I saw Jason Creasy a lot last year in Bradenton. The pitcher I saw was a sleeper candidate, with strong control of a four seam fastball that could reach up to 95 MPH. That was enough to envision him as a guy who could have success in the upper levels and reach the majors. However, he was going to need to further develop his other pitches, including adding a strikeout pitch to get him out of key situations.
Creasy had some strikeouts last year, with a 6.1 K/9 ratio on the season. However, that’s not a number that projects well in the upper levels, and his curveball didn’t always show the makings of an out pitch. With a decent out pitch, Creasy has the stuff to be a back of the rotation starter in the majors. Without that, his upside is limited to a bullpen option.
On Thursday I saw Creasy in Altoona for the first time during the 2015 season, and on this night, the curveball looked much improved. He used the pitch early in counts to get ahead of hitters, along with using it for strikeouts. The pitch was sharper than it had been last year, and helped to make up for a lack of fastball command on this night.
“He’s worked hard on it,” Altoona pitching coach Justin Meccage said. “I think towards the end of last year you saw glimpses of it. And now you’re starting to see some consistency with it. I don’t know that he threw a poor one today. I think he dropped a couple for strikes, and he put a couple guys away with it. But it’s something he’s been working hard on.”
Creasy’s catcher, Jacob Stallings, said that the pitch had more movement on Thursday than he’s seen. Stallings has been catching Creasy ever since 2012 in State College, and caught him all year last year in Bradenton.
“He’s always had the good break,” Stallings said. “But I think at times last year we got in trouble because he would hang it 0-2. Make it too good when he’s ahead in the count.”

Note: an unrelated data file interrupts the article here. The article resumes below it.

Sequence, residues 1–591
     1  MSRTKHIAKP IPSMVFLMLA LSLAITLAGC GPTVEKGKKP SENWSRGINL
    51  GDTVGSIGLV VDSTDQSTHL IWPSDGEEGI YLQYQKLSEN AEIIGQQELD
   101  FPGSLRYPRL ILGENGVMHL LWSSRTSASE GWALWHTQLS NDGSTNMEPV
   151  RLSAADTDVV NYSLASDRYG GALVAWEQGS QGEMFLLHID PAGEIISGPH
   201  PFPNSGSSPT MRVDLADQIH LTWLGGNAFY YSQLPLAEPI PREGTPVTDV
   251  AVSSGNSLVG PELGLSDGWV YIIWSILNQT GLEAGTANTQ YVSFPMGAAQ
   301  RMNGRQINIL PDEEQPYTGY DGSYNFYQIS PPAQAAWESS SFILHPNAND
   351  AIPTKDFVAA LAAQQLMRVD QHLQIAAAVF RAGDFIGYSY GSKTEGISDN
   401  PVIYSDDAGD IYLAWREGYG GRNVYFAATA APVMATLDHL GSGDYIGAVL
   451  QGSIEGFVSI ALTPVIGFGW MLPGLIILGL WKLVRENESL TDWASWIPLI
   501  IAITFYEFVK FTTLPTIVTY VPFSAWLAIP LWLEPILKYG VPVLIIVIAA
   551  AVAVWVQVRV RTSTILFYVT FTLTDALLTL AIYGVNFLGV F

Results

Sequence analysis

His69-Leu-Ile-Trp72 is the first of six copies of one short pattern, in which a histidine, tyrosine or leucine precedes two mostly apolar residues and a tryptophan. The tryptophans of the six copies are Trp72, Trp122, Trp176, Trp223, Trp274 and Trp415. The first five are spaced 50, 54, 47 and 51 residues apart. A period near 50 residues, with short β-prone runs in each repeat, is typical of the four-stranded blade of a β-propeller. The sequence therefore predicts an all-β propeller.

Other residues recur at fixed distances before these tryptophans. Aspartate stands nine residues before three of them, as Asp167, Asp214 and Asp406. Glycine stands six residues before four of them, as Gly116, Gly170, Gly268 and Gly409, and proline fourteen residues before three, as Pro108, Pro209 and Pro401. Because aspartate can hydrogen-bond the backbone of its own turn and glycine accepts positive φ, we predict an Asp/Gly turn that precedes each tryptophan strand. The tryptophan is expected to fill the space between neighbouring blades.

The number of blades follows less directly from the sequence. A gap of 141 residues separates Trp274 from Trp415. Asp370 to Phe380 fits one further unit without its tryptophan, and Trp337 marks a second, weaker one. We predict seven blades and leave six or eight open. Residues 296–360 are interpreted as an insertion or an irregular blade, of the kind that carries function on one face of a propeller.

The curveball helped Creasy get out of some jams that were started by his poor fastball command on the night. The biggest instance of this came in the fifth inning. Creasy walked two batters, leaving him with runners on first and second with two outs in a 1-0 game. He threw a first pitch curveball for a strike looking. The second pitch was a low curveball, which got the hitter swinging. The third pitch was the same thing, catching the runner swinging on a ball that bounced in the dirt. Three pitches, three curveballs, three strikes, and Creasy was out of the jam.
Creasy was using his two-seam fastball a little more often on this night, and that was leading to the control problems. He normally uses the pitch as a situational offering, but was throwing it about 50% of the time against Akron.
“It was running a lot today, and I was having trouble keeping it over the middle,” Creasy said of the two-seam fastball, while noting that his problem was that he was late in his delivery. “I wasn’t breaking my hands in time, which causes me to be late.”
Stallings said that he might set up down the middle, rather than on the outside, when the pitch is running. This would give Creasy a better early target that would allow the pitch to end up in the right spot.
“Like his curveball, when he gets that pitch on, he’s going to get a lot of ground balls with it,” Stallings said.
Ultimately, the two seam needs to have cutting movement. Creasy’s offering was just running from right to left, and going too far. When the pitch is on, it will still run, but will cut and drop down at the plate, rather than staying flat.
Last year, if Creasy had a day where his command was off, he would struggle. On Thursday, he threw five shutout innings, despite issuing three walks and going deeper into counts than he normally does. That’s the importance of Creasy’s curveball showing improvements. Creasy relies on strong command of his fastball to get ahead of hitters and ultimately he retires them by pitching to contact. When that command is gone, he will need a strikeout pitch. He had that on Thursday. If this trend continues, he will have the upside to be a back of the rotation starter or a depth option for the Pirates, similar to the role that Brandon Cumpton played in 2013-14.